oh, that makes it better (none / 0) (#111)
    by DandyTIger on Thu Aug 21, 2008 at 06:01:23 PM EST
    as many americans are having no vacations and losing their homes, I'm sure the fact that Obama lowed himself to be with the bitter people on a public beach will make it all better. :-)

    Someone correct me on the actual (5.00 / 1) (#120)
    by zfran on Thu Aug 21, 2008 at 06:06:09 PM EST
    verbage, but did Michelle at the beginning of the primaries say something to the effect that Barack can only run for Pres. one time, because after that, if he loses, they'll be too rich by then to connect with the average person in this country? And, exactly how has he tried to relate to the average person in this country? What grade would you give him? How's that for relating to the common person's problems!

    Houses (5.00 / 0) (#156)
    by christinep on Thu Aug 21, 2008 at 06:35:23 PM EST
    I also believe that there is the potential that this whole "house(s) area" may cut several different ways. So much depends on who gets the upper hand (or whatever) on who is richer or who deals with what dirty SOB. In some ways, it almost looks like a sucker punch with McCain's group being quite ready to jump in with their Rezko ad. (I suppose the Rezko matter itself is up in the air since it never gained real traction in the primary. But, this is a different group. The "your pal is a crook" routine may or may not cause gossip.) Who knows? I really think that--beyond this--the real aim for Repubs is to make the ties with a number of Chicago types, especially Ayers (sp)?

    That point was (5.00 / 1) (#203)
    by 0 politico on Thu Aug 21, 2008 at 07:29:03 PM EST
    apparently missed by some, but not by ABC News.  A McCain spokesman was able to bring up Obama's one home that was purchased with the help of convicted felon Tony Rezko.  I don't know about the BO campaign, but that is not what I would want lingering on the viewer's/voter's mind.

    Was dissin' McCain for not automatically spitting out how many homes he and wife own (mostly, her and her family), but maybe hoping eh would sound elitist if he did, thinking it was a free shot, worth it?  Not if people tie you to a convicted felon that you tried so hard to be disassociated from.


    I dunno (none / 0) (#63)
    by Steve M on Thu Aug 21, 2008 at 05:46:24 PM EST
    Is Hawaii seriously beyond the reach of the average American?

    I mean, my secretary just got back from a week in Jamaica.


    what? (5.00 / 4) (#81)
    by ccpup on Thu Aug 21, 2008 at 05:52:04 PM EST
    this Summer has been rife with stories about Americans who are having to forgo vacations due to job insecurity, gas prices, etc and so on.  In fact, the percentage of people on the roads is down some 20% or something.  People are being forced to stay home because they can't afford to leave.

    So, yeah, THIS year -- and perhaps last -- Hawaii (or anyplace in the continental US, it seems) IS out of reach for most Americans.


    Wow (none / 0) (#95)
    by Steve M on Thu Aug 21, 2008 at 05:56:04 PM EST
    My secretary must be a member of the upper crust, I guess.

    Well (none / 0) (#105)
    by CST on Thu Aug 21, 2008 at 05:59:57 PM EST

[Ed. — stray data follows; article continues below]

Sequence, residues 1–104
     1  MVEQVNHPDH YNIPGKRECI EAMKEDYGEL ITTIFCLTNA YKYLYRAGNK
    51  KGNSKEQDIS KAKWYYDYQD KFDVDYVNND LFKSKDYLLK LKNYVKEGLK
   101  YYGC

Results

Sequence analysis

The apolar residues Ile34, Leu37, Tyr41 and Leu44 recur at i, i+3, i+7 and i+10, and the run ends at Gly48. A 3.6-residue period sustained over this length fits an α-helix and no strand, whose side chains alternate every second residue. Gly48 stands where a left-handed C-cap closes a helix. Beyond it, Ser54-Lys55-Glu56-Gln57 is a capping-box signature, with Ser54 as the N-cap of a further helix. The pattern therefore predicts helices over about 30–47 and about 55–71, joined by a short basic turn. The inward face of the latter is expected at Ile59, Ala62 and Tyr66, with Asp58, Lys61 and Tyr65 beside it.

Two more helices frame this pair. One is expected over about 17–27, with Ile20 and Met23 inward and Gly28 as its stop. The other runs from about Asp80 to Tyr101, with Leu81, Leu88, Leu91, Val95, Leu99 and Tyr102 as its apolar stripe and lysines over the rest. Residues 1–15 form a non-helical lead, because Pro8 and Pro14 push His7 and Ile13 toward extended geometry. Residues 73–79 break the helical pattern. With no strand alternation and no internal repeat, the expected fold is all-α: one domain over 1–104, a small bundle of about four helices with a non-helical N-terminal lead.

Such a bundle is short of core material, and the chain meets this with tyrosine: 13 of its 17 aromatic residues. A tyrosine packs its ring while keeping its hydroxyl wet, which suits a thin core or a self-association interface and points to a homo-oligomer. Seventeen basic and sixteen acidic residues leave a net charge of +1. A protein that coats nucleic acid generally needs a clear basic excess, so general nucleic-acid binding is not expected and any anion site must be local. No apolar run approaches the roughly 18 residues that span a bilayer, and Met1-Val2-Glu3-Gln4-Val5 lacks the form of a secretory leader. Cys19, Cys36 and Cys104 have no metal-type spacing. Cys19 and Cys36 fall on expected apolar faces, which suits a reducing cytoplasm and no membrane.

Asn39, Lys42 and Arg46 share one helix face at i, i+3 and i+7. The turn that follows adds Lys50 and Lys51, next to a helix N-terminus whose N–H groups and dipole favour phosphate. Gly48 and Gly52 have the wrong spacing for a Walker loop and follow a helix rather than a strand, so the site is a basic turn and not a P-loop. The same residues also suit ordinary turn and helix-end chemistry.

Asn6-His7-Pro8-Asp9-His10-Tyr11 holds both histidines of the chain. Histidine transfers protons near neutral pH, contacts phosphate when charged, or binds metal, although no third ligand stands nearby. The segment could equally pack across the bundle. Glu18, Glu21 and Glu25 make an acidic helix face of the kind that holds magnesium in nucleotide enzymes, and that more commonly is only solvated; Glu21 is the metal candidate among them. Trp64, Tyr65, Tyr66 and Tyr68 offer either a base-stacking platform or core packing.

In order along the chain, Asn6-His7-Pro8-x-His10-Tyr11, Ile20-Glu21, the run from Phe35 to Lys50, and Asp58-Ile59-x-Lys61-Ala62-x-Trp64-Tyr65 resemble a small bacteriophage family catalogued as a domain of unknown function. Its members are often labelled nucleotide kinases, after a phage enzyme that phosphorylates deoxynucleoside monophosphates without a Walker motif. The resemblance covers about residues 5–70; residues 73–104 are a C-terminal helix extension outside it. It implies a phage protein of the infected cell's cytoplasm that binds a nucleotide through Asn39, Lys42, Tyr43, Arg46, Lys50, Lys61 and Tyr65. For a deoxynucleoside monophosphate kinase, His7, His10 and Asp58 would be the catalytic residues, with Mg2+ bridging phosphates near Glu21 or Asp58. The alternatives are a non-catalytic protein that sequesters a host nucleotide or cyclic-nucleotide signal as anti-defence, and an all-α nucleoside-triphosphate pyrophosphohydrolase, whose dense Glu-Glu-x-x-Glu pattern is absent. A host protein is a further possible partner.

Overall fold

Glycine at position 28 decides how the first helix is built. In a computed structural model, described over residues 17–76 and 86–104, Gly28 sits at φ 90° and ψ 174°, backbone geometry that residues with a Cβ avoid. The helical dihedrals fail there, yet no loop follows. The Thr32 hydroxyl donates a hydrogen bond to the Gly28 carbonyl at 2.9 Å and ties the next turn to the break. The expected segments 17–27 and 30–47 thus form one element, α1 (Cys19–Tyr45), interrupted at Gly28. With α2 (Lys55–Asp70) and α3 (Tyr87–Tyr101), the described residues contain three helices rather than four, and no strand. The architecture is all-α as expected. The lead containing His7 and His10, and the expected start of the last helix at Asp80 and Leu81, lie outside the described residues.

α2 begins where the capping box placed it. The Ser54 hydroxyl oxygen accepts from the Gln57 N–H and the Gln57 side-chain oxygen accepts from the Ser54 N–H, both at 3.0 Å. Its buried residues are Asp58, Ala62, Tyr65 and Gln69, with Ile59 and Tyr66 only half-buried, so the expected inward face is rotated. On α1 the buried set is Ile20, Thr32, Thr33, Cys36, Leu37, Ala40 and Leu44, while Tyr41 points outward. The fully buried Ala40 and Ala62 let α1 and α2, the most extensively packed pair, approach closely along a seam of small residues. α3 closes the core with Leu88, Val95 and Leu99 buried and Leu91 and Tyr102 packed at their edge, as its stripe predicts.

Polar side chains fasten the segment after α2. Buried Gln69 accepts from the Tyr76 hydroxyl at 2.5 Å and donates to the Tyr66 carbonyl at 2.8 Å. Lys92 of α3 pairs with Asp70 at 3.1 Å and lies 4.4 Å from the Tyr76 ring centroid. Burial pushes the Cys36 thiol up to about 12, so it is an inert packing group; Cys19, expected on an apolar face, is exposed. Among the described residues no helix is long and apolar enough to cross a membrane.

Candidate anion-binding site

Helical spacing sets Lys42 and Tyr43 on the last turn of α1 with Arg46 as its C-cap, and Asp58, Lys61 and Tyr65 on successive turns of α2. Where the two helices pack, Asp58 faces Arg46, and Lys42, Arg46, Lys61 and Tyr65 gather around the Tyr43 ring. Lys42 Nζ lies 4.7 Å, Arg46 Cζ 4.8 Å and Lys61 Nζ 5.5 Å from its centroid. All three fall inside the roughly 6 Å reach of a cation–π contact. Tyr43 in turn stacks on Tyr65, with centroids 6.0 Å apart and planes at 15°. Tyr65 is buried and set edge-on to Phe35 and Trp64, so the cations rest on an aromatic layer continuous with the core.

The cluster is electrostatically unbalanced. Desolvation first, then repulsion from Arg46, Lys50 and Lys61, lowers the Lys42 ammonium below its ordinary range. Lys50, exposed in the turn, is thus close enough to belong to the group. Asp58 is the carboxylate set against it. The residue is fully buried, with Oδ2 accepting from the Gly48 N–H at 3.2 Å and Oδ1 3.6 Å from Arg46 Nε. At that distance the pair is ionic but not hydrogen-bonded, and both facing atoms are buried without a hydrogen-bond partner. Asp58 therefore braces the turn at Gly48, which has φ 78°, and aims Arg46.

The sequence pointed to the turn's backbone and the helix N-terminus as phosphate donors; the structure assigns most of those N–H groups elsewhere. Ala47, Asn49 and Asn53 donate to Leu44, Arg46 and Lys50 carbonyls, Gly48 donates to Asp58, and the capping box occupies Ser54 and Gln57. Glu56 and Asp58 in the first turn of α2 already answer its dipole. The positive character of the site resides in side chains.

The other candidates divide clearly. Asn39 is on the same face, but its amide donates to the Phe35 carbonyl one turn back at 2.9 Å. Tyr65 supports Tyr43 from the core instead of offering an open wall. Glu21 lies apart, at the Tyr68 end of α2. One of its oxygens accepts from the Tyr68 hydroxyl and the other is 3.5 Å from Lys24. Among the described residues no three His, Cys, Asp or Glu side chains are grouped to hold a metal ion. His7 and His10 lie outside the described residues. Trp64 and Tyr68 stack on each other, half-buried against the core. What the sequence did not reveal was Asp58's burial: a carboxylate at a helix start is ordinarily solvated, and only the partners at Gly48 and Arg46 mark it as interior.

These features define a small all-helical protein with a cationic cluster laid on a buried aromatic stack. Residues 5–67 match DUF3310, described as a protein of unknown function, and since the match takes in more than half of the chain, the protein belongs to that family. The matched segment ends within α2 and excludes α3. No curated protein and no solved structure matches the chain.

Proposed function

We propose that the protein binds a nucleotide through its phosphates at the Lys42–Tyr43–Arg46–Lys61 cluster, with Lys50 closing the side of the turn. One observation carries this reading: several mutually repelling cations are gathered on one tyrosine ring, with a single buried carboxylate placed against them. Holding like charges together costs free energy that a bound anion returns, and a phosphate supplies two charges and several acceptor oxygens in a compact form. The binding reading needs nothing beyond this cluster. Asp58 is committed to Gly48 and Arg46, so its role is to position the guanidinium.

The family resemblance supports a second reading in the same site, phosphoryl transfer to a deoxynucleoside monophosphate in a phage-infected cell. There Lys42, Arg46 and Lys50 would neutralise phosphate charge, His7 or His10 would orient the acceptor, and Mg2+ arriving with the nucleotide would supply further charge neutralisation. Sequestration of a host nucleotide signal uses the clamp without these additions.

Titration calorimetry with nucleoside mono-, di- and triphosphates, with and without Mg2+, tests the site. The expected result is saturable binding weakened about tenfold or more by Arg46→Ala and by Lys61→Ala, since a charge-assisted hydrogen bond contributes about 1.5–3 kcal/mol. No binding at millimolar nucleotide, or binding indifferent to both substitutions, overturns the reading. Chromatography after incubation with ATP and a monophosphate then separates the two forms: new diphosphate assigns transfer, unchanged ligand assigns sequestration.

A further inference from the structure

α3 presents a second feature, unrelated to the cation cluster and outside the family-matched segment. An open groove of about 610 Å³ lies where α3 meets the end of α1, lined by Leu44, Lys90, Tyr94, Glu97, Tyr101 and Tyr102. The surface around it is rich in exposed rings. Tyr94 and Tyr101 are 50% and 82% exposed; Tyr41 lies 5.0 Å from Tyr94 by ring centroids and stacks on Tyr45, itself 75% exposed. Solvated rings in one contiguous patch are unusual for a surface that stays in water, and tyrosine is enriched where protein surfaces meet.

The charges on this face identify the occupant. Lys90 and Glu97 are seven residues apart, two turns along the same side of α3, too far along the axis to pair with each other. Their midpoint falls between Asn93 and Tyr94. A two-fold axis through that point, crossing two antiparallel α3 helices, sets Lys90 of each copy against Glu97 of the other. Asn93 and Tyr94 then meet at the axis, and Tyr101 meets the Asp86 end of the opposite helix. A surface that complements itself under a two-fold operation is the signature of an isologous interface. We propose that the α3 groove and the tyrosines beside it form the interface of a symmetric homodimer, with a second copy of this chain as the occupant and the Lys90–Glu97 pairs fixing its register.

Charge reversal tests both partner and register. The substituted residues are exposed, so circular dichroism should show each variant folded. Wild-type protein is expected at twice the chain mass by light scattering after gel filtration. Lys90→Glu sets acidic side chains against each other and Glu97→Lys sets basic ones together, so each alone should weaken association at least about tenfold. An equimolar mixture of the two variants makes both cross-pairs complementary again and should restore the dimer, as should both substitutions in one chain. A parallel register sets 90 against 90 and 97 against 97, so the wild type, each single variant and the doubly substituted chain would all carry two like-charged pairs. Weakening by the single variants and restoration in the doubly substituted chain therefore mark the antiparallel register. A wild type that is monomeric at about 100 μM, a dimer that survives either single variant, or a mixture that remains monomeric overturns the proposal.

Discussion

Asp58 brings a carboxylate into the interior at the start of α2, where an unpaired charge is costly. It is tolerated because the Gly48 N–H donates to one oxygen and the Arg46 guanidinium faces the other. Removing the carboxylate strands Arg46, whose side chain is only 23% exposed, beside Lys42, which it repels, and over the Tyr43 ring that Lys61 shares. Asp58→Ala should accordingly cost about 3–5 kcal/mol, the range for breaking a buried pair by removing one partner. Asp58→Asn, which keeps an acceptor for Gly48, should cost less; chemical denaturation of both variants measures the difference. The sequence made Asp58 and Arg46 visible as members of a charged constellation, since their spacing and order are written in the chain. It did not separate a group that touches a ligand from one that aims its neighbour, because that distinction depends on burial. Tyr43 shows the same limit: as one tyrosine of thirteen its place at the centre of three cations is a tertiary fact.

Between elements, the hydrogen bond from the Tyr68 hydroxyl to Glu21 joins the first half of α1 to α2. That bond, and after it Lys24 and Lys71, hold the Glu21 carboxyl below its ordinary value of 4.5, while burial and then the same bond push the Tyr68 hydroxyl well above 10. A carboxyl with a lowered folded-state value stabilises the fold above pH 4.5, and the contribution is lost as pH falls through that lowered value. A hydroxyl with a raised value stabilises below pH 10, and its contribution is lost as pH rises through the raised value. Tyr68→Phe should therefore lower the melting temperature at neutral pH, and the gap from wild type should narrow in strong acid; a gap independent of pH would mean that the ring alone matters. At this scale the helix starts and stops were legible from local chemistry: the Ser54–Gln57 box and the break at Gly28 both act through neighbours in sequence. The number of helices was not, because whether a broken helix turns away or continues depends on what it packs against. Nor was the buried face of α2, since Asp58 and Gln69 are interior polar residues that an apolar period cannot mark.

I think Jamaica is cheaper than Hawaii, at least if you're on the east coast.

    Last time (none / 0) (#131)
    by Ga6thDem on Thu Aug 21, 2008 at 06:10:06 PM EST
    I checked, HI was very expensive. Maybe your secretary got a good deal but I haven't been able to afford to go there. Like CST above says, Jamaica is a real value right now as is Mexico. The rest are pricey.

    Heh (5.00 / 0) (#178)
    by Steve M on Thu Aug 21, 2008 at 06:55:13 PM EST
    Maybe I should look into Jamaica, mon.  Personally, we could barely afford the Jersey Shore.

    I just get the sense that some of my fellow members of the latte-drinking club are making their judgments about what the common man is doing this summer not from personal observation, but from reading sad stories in the New York Times.  I could be wrong.


    My personal (5.00 / 2) (#185)
    by Ga6thDem on Thu Aug 21, 2008 at 07:00:06 PM EST
    experience is that people are either skipping vacation this year or cutting back on vacation. People who would have normally gone to the beach for a week, now go for a few day or go somewhere closer to home that's less expensive. It's a sort of downsizing of vacation so to speak.

    Yeah, I know about that "barely afford situation" too.


    Jamaica (none / 0) (#197)
    by CST on Thu Aug 21, 2008 at 07:12:22 PM EST
    I actually went there this year for 2 weeks very cheap.  Probably less than a week on the Jersey shore.  Airfare and food only.  But I stayed in Kingston with friends.  Just the fact that it is so close to Florida makes flying there that much cheaper for an east-coaster.  And if you are willing to be a scrub, you can stay cheap too!

    I guess I'm in the minority (none / 0) (#163)
    by shoephone on Thu Aug 21, 2008 at 06:40:52 PM EST
    I'm not bothered by Obama's Hawaii vacation. If I recall correctly, isn't that where his grandmother is living now? and isn't she in ill health? He should have spun the trip as a family obligation trip and that might have dulled some of the "elitist" criticism.

    As for the energy level of Obama's campaign -- he needs to step it up and soon. The petty attacks on the McCains' houses won't register with the Regular Joe and Jane voter. Isn't every single Senator except for Bernie Sanders a millionaire?